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Research Mentor and Department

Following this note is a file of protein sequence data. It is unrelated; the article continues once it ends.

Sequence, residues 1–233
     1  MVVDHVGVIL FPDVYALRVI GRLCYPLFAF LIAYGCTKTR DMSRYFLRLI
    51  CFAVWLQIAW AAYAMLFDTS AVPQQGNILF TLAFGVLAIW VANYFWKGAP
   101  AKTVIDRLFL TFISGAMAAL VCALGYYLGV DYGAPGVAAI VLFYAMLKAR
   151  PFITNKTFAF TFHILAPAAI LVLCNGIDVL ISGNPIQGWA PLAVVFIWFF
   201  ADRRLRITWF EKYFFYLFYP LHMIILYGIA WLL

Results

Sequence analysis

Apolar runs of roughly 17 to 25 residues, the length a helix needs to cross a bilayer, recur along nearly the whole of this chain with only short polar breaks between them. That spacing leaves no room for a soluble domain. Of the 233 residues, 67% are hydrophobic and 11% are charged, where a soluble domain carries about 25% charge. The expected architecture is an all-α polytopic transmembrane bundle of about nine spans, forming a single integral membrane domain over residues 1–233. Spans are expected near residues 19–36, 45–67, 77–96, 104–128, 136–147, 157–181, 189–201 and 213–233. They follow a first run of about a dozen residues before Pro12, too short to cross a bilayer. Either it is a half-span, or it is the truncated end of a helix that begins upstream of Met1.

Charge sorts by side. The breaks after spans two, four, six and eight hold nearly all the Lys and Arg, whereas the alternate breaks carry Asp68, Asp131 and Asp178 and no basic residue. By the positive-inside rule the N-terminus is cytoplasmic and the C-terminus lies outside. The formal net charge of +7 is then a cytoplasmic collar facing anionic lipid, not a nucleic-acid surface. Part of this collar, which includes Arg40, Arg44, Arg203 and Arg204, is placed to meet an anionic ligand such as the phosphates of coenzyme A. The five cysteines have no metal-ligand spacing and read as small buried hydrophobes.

In the golden age of drug discovery, scientists turned to nature to find and emulate molecules with pharmacological activity. The beta-lactam ring in penicillin has proven to be one of the most important classes of antibiotics of the last century. The molecule I am studying, obafluorine, was isolated from Pseudomonas fluorescens and has a beta-lactone ring in its structure—a close relative of the beta-lactam ring in Penicillin. Obafluorin was isolated as a broad-spectrum antibacterial and antifungal agent that could have therapeutic properties, but its cellular target is still unknown. The Wencewicz Lab in the WUSTL Department of Chemistry is studying the biosynthesis of obafluorine in order to understand how nature enzymatically constructs the rare beta-lactone ring. Moreover, the mechanism by which a P. fluorescens bacterial cell defends itself from the secreted toxic molecule is under investigation. The entire sequenced genome of P. fluorescens ATCC 39502 was searched for a putative cluster of genes responsible for obafluorine production. Then, a complete biosynthetic pathway was proposed, based on the predicted enzymatic reactions of the gene products. One of the enzymes I identified in the Obi cluster is a serine hydroxymethyltransferase (SHMT), which is critical in folate biosynthesis— a facet of bacterial growth. Interestingly, the gDNA of P. fluorescens codes for 2 unique SHMTs; one within (ObiH) and one outside of the Obi cluster, with significantly different amino acid sequences. These mutations alter conserved binding sites of the ObiH enzyme, hinting that ObiH could confer a new self-protection function in addition to the normal SHMT function. It is hypothesized that obafluorine will not inhibit the mutated SHMT enzyme (ObiH) as severely as the wild type SHMT, and the P. fluorescens cell is thereby protected during obafluorine production. If this turns out to be true, obafluorine represents the first non-folate inhibitor of SHMT which is a sought after anticancer, antimalarial, and antimicrobial biological target.